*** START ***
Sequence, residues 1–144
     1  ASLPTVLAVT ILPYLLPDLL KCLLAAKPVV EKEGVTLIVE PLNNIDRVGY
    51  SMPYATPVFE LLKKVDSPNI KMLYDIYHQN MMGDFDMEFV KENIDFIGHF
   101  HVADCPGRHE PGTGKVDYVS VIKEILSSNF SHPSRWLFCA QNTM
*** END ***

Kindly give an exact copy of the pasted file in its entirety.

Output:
Sequence, residues 1–144
     1  ASLPTVLAVT ILPYLLPDLL KCLLAAKPVV EKEGVTLIVE PLNNIDRVGY
    51  SMPYATPVFE LLKKVDSPNI KMLYDIYHQN MMGDFDMEFV KENIDFIGHF
   101  HVADCPGRHE PGTGKVDYVS VIKEILSSNF SHPSRWLFCA QNTM